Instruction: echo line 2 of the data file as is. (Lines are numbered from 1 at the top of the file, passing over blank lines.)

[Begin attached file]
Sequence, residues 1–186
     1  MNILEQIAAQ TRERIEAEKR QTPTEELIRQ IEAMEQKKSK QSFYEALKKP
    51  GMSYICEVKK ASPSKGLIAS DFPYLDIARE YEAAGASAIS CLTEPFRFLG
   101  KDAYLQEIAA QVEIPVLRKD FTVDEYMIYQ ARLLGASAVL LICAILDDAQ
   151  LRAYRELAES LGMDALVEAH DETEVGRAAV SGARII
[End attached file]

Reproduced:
     1  MNILEQIAAQ TRERIEAEKR QTPTEELIRQ IEAMEQKKSK QSFYEALKKP